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Mayoral candidate Wamback vows end to 'backroom deals, hidden agreements'

Longtime Newmarket resident, businessman in the spotlight at first of two election Q & As hosted by Newmarket Taxpayers Advocacy Group
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NTAG president Teena Bogner challenged mayoral candidate Joe Wamback with a series of questions at the first of two election events. John Taylor, the other mayoral candidate, is scheduled for the next Q & A Oct. 3.

Mayoral candidate Joe Wamback is campaigning to bring clarity, transparency and accountability to the Town of Newmarket.

The longtime Newmarket resident and businessman stressed those words repeatedly to the small audience who attended the municipal election event hosted by Newmarket Taxpayers Advocacy Group (NTAG) at Madsen's Greenhouse last night.

“Backroom deals, hidden agreements, concealed negotiations will never become part of my conduct, or council. All debates and all votes for all issues must be public record and further communicated on a regular basis, not just on social media. ...The mayor’s door, if I’m elected, is open to everybody.”

The format saw Wamback answer a series of questions sent to him in advance, as well as taking questions from residents. Mayoral candidate John Taylor will have an opportunity to be at the podium at a similar NTAG Q & A event Oct. 3 at 7 p.m. at Madsen’s Greenhouse, 160 Bayview Parkway.

“There has been little or no debate on issues affecting the cost of living,” Wamback said, after stating the Town of Newmarket has one of the highest property tax rates in York Region. “And in some cases, they have been entirely secret.”

Wamback pointed to two decisions made by Newmarket council in which he said transparency was lacking.

To nods and murmurs of approval in the audience, he said while the purchase price of the Mulock Farm estate was made public, the cost of developing it, and the subsequent impact on taxes, has not been divulged or calculated.

“The Mulock Farm purchase is going to add $1.5 million a year just in interest payments,” he said. “This is not New York and we do not need a Central Park.”

He was also critical of the plan to build a new GO station on Mulock Drive, slotted for 2030 by the province, because of engineering challenges and traffic issues.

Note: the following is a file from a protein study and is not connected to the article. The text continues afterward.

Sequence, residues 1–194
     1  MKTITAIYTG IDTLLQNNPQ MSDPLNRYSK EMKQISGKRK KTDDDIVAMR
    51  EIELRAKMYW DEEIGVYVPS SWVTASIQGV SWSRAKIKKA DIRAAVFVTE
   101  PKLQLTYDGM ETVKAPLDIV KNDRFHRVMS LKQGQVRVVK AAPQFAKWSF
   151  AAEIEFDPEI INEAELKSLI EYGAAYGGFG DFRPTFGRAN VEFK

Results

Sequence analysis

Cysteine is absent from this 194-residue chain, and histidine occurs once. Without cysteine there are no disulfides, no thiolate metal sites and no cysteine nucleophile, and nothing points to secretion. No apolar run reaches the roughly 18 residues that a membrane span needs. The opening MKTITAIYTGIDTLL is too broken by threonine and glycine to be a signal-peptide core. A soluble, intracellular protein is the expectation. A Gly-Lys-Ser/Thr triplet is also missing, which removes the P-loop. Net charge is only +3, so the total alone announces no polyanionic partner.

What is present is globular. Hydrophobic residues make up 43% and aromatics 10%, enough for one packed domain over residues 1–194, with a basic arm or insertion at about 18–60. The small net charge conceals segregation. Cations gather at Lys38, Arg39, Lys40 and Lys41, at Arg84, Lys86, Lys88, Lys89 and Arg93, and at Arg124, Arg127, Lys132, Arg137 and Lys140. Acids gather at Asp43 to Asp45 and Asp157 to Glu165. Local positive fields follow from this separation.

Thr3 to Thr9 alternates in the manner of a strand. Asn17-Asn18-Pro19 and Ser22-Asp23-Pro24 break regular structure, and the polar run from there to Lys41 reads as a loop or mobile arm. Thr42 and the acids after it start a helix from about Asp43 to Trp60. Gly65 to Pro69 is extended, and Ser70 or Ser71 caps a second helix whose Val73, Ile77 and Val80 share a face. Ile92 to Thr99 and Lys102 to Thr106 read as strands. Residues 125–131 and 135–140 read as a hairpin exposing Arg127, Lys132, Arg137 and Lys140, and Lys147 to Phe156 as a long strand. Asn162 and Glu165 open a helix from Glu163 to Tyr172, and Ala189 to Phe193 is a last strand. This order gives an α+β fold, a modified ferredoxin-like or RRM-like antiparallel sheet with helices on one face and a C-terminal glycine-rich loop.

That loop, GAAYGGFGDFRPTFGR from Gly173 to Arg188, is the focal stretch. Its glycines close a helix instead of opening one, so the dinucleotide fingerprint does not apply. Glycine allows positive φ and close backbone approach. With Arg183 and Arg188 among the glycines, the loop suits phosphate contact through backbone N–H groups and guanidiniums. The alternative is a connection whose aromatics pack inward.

“It is wrong to celebrate a GO station that will never be built,” he said, referring to his review of the plans and research based on more than 30 years of experience as a builder.

Beyond the technical issues related to the project, if the additional GO station goes ahead, it will eliminate close to 300 jobs with the demolition of the building currently on the site, he added.

In response to a question from resident Jamal Massadeh, who supports a new Mulock GO station, Wamback said he would recommend the province extend the dual track just south of the existing station on Davis Drive, and add a parking facility. Relocating the GO bus station closer would provide a more seamless connection for commuters, he said.

Wamback came out firmly against additional tax levies, which the Town has implemented for storm water and will add to tax bills for the Mulock Farm purchase, in response to an NTAG question.

“Levies are not transparent. They have to be called what they are — and I think the expression is let’s call a spade a spade — additional taxes.”

Wamback vowed to cut taxes — by finding savings and efficiencies in the town’s budget, eliminating duplication and overcompensation, increasing accountability for expenses, and creating new revenues — as well as reduce the town’s “sizeable debt that is growing every single year”.

While he supports the programs and incentives in place to develop downtown, Wamback said he would establish an independent body to deal with all financial decisions to eliminate the possibility of a conflict of interest.

“One of the major problems I see here in Newmarket is that there’s absolutely no respect for taxpayers’ dollars. I believe that the council and the mayor are employees — everybody that is sitting here, everybody that writes a cheque six times a year, as we do for our taxes, they are my employers and they have to have respect.”   

Later, in response to a question about his willingness to reduce the high salary received by the mayor, Wamback said, “If the people of this town decide that the money that is being paid the mayor is too much, then I’m more than pleased to accept whatever salary this town decides it wants to offer me as the mayor.”

Wamback highlighted experience that includes founding Wamback Corporation in 1984 and successfully completing construction of more than 10 million square feet of industrial, commercial and mixed-use projects in Ontario. For nine years, he was an adjudicator for the federal Ministry of Human Resources and Skills Development, and is an adjudicator, arbitrator and mediator resolving contentious commercial and personal conflicts in Ontario.

He is the CEO of  the Canadian Crime Victim Foundation, which he founded following a violent attack that injured his son in 1999, which has raised more than $800,000 for scholarships and psychological counselling for victims of crime, and has been instrumental in creating nine amendments to the Canadian Criminal Code for safer communities across Canada.

“I believe I have experience that matters, not being a politician — the last thing I am is a politician,” he declared to loud applause.

To read more about Wamback’s experience and platform, click here

To learn more about NTAG, click here




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